Statistics South Africa (Stats SA) has released the third and final round of a series of three online web-based surveys to measure the impact of the COVID-19 pandemic on individuals in the country. The third round of the survey (Wave 3) focused on migration and education issues for persons residing in South Africa who are 18 years and older.
Data collection for Wave 3 occurred during level 3 of the national lockdown between 17 June and 4 July 2020. The survey used a non-probability, convenience sample and received responses from 1 323 individuals, roughly half coming from persons living in Gauteng. While the survey results are not representative of the entire South African population, they are indicative of the types of challenges facing South Africans during the global pandemic.
According to the survey, Social impact of COVID-19 (Wave 3): Mobility, Migration, and Education in South Africa, nearly six per cent of respondents changed their provincial residence during the national lockdown. Of these respondents, the highest proportion moved during the few days between the announcement of the lockdown and the start of the lockdown. The reason for move: about one-quarter of respondents indicated that they wanted to be closer to their family or friends.
Findings on inter-provincial travel shows that approximately 12% of respondents indicated that they travelled across provincial boundaries since the start of the national lockdown. More than a quarter of these respondents indicated that they crossed provincial boundaries to attend funerals, while about 15% of respondents travelled to provide essential services, and approximately 13% travelled for non-essential work or business related travel. About 15% of respondents travelled to visit family or friends.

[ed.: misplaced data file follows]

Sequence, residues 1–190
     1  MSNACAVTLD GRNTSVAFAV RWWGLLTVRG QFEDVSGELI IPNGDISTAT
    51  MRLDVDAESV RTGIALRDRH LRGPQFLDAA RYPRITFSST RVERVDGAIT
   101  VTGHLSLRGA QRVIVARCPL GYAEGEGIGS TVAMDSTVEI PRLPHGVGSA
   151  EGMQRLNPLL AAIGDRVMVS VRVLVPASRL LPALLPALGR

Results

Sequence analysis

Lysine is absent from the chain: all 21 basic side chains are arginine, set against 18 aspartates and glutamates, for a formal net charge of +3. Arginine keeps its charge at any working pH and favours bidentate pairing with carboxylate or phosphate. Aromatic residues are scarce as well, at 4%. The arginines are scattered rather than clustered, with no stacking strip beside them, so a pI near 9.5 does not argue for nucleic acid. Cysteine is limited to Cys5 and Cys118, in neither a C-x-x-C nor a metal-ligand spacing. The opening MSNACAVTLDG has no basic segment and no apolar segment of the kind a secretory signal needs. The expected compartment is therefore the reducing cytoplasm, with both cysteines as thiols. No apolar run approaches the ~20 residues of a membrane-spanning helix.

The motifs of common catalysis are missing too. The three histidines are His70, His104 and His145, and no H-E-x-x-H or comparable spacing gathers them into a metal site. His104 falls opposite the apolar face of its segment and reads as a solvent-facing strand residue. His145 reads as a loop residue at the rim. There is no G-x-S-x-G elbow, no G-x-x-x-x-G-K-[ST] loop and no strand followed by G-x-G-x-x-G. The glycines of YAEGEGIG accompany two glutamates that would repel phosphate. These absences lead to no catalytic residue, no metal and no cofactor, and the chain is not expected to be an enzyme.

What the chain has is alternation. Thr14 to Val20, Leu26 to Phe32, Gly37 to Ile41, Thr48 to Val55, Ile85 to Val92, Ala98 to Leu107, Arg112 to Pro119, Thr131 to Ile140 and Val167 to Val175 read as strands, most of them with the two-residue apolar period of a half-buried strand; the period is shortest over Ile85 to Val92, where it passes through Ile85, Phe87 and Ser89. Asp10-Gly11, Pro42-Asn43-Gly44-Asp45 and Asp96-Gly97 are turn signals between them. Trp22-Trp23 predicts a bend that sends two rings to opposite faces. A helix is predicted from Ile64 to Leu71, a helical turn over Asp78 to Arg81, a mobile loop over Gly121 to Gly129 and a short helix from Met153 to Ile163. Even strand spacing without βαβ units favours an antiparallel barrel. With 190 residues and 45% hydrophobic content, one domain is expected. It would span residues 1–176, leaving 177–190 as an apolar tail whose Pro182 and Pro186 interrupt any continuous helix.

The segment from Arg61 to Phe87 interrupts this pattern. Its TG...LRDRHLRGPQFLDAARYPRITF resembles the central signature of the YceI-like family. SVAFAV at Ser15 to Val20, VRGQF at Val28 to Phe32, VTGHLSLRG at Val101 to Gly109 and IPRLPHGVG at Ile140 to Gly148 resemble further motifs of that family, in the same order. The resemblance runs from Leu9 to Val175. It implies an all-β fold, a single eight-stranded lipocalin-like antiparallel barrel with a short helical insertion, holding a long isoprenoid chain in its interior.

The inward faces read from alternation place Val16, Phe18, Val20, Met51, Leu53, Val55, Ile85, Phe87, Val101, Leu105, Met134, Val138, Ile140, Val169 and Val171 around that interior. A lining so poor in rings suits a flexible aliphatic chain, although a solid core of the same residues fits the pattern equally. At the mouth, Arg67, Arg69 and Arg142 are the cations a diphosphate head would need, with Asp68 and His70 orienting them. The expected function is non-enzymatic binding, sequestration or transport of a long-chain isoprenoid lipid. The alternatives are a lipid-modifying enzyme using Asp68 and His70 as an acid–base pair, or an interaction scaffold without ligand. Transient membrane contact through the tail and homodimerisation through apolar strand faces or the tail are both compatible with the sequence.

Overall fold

With regard to international migration, data showed that about 90% of the respondents in the sample indicated that they were born in South Africa (non-migrants), whilst about nine per cent were international migrants (respondents who indicated that they were born outside of South Africa).
Data pertaining to foreign-born respondents’ countries of birth shows that almost half of lifetime migrants were born in Zimbabwe (22,6%) and Europe (22,6%). One-third of respondents were born in countries that are part of the Southern African Development Community (SADC) region. Other areas featured were South America, North America, the rest of Africa (outside the SADC region) and Asia.
More than four-fifths (82%) of migrant respondents remained in South Africa rather than return to their countries of birth when the lockdown was announced because they considered South Africa as their home, while 11% felt that the COVID-19 pandemic was global and that they would still be at risk regardless of whether they moved. Five per cent of migrant respondents indicated that they were concerned that if they left South Africa they would be unable to re-enter South Africa.
According to the survey, more than twenty per cent of migrant respondents indicated that they did not send remittances during lockdown because they could not afford to send money.
The results show that, generally, migrant respondents were more vulnerable than non-migrant respondents. A much higher percentage of migrant respondents (22,5%) were unemployed as compared to non-migrants (9%). Findings from the report emphasises the important role of mobility and migration on the South African economy during the national lockdown.
The survey aimed to provide information that could be used by government and other service providers to better understand the impact of the pandemic on migration and education, and to devise interventions to assist the population.
If you missed the link in the article, download the full report here.